Web Holds Key to Sports Teams’ Profits

It is interesting to hear fans on sports talk radio say players should be given lucrative contracts to sign with their favorite teams. Someone in the front office of those teams would be challenged with the task of generating revenue to pay for those expensive contracts.

Many major league pro sports teams struggle to break even today and just hope for appreciating franchise value. The Internet offers new revenue opportunities and, in many cases, cost savings. Database marketing and permission-based e-mail are keys for teams to develop one-to-one customer relationships with segments, including premium season-ticket patrons, individual game-ticket customers and merchandise buyers. Let me share several ideas.

Continually build a database of customers and prospects. It may seem basic to direct marketing veterans, but building a database of customers is key to creating loyalty and repeat business. Of course, season-ticket customer lists are closely maintained, but capturing records of those who buy occasional tickets is a great opportunity for marketing up-sells. Obtaining e-mail addresses and permission to send e-mail communication is the key. New database members can be offered partial season- ticket plans, merchandise, travel promotions, newsletters, fantasy camps, etc.

Use team Web sites to attract customer registrations. Use spare broadcast time to encourage interested fans to look up the team’s Web site and register themselves and their permission to receive information and special offers. Sports fans are a niche market, and it is important to keep a relationship with those who regularly buy tickets. Offers of newsletters and contests can attract attention to the registration vehicle. I liked a contest the New Jersey Devils ran last year offering Web site visitors the chance to win a ride on the Zamboni during a break in a hockey game at the Meadowlands.

Qualify your Web site registrations. Ideally, customers should be tiered, including season-ticket and luxury-box customers, partial-plan customers, individual game- ticket purchasers, merchandise purchasers and the public. It is important to capture address information to determine business vs. individual ticket use and local address vs. out of town.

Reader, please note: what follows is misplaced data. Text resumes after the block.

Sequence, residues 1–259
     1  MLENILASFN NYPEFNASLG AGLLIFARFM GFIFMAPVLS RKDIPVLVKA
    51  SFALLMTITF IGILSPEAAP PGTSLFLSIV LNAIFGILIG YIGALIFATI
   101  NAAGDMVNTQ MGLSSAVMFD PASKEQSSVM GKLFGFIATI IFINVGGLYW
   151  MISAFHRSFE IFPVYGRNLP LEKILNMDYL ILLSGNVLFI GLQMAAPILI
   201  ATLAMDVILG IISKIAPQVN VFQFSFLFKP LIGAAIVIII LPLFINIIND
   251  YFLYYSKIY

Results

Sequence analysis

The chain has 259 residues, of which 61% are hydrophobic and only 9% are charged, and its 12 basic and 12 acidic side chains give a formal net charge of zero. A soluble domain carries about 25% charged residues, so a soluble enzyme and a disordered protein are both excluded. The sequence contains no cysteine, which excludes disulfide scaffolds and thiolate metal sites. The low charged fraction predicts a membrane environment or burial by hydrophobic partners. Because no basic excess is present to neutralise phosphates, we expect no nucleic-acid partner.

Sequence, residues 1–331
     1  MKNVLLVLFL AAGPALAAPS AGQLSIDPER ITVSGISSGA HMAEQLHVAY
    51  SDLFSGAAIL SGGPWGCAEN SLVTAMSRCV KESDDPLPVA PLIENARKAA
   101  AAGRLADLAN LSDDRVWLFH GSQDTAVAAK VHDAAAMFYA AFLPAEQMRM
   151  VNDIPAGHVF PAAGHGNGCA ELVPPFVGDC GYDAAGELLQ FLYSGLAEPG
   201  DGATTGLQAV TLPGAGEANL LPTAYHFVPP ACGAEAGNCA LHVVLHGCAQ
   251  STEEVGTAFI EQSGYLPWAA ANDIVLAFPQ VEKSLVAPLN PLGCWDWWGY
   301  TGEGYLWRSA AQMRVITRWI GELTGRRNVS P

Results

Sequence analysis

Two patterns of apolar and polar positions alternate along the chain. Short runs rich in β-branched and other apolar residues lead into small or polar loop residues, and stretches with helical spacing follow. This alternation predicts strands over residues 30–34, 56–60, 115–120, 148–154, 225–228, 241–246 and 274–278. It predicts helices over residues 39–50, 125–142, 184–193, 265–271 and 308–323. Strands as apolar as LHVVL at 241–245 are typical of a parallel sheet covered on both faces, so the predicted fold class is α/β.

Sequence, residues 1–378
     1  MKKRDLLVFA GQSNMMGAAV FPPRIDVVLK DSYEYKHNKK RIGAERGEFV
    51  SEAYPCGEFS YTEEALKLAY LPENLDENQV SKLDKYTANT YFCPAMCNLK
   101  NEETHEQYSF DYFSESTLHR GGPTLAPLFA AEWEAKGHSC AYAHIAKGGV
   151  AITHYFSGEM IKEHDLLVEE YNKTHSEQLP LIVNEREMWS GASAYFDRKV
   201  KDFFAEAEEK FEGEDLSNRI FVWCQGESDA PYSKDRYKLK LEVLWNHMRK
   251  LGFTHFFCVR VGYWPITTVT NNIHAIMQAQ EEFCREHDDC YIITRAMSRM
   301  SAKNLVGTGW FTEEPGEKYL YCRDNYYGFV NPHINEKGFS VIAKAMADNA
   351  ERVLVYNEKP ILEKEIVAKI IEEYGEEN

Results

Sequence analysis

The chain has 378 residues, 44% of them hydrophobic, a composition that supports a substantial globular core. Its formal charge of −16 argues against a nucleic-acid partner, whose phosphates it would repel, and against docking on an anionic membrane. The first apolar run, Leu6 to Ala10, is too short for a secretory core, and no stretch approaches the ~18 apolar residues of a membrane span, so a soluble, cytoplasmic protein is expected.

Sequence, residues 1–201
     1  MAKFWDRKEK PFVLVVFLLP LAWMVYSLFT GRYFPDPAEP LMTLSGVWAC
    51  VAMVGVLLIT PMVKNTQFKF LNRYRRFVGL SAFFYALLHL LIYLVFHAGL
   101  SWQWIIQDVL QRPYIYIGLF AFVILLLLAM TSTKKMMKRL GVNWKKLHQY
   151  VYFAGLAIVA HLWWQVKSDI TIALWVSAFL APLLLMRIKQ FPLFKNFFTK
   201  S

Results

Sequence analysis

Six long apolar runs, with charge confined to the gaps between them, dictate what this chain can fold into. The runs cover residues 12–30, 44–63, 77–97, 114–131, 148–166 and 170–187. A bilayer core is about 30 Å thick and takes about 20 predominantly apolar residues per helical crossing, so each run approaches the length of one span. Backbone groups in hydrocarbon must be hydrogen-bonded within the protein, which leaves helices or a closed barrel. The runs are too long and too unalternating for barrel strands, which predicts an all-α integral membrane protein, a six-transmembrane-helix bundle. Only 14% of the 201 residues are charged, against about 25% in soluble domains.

Web site registration is a great way to capture customer preferences for seating location and visiting teams they like to see as well as the most convenient nights of the week and game times.

Premium customers. Teams constantly look for ways to recognize premium season-ticket customers. One way is to provide a special e-mail/Web site service to offer VIP customers access to exclusive information about the team and elite services. Team-issued e-mail and Web site communication often have to compete with more colorful and critical newspaper material.

Most teams have well-known and respected staff broadcasters who can offer an insider’s perspective. Celebrity broadcasters might be asked to contribute timely articles e-mailed exclusively to the team’s list of VIP and season-ticket holders.

Have a stream of communication sent to your e-mail list. It may be the new American pastime to track stocks daily on search engine home pages and receive e-mail newsletters from sports teams. Entertainment marketers face tremendous competition, and keeping marketing messages in front of customers is a key to repeat business.

E-mail provides a low-cost means to send regular communications to fans. Many teams send post-game summaries to their e-mail subscription lists. The key to revenue enhancement is to include offers such as tickets to upcoming games, new merchandise items, road game travel, etc.

Make it easy to do business with your team. Patricia Seybold emphasizes this point in her book “Customer.com.” Outbound e-mail should provide prominent hyperlinks to take customers to Web sites that can take their ticket orders, merchandise requests and other team product offers. Make the purchase process seamless and efficient so the customer is not discouraged from making a purchase.

Last-minute ticket purchases. Teams talk in terms of gate – how much revenue they generate from a game. With the cost of player salaries, it is possible to lose money even selling out every game if the revenue yield is insufficient. Game tickets are like airline seats – once the game is over, the inventory is useless. When strong walk-up sales are needed to sell out, an e-mail sent within 48 hours of the game to local fans describing the attractiveness of the upcoming contest can provide the stimulus to sell the remaining seats.

Partial-plan programs. Many teams now market partial season-ticket plans based on including rivalry games or purchase rights to the postseason. Again we see the combination of database marketing and permission-based e-mail stimulating sales. Every customer who buys individual game tickets should be offered a partial plan that provides entry to a preferred relationship with the team.

Preseason-sold packages can be weighted with early season games, suggesting the addition of more games later in the season. In midseason, stretch-run packages can be sold. All of these offers can be offered inexpensively by e-mail to appropriate segments of the database. The mistake we have seen with several teams is to make the up-sell more expensive than the original purchase.

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